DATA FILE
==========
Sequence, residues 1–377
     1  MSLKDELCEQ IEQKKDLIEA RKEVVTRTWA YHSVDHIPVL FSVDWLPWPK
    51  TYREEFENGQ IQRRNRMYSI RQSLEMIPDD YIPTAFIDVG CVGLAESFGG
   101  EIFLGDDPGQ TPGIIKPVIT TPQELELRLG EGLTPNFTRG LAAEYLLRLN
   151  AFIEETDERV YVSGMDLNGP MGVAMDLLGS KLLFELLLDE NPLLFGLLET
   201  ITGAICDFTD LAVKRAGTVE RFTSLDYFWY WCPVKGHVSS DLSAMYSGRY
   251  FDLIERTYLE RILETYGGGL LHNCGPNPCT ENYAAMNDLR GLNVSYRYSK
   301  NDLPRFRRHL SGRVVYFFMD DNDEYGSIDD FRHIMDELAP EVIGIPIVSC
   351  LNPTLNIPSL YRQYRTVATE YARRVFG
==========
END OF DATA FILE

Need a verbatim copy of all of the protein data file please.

Sequence, residues 1–377
     1  MSLKDELCEQ IEQKKDLIEA RKEVVTRTWA YHSVDHIPVL FSVDWLPWPK
    51  TYREEFENGQ IQRRNRMYSI RQSLEMIPDD YIPTAFIDVG CVGLAESFGG
   101  EIFLGDDPGQ TPGIIKPVIT TPQELELRLG EGLTPNFTRG LAAEYLLRLN
   151  AFIEETDERV YVSGMDLNGP MGVAMDLLGS KLLFELLLDE NPLLFGLLET
   201  ITGAICDFTD LAVKRAGTVE RFTSLDYFWY WCPVKGHVSS DLSAMYSGRY
   251  FDLIERTYLE RILETYGGGL LHNCGPNPCT ENYAAMNDLR GLNVSYRYSK
   301  NDLPRFRRHL SGRVVYFFMD DNDEYGSIDD FRHIMDELAP EVIGIPIVSC
   351  LNPTLNIPSL YRQYRTVATE YARRVFG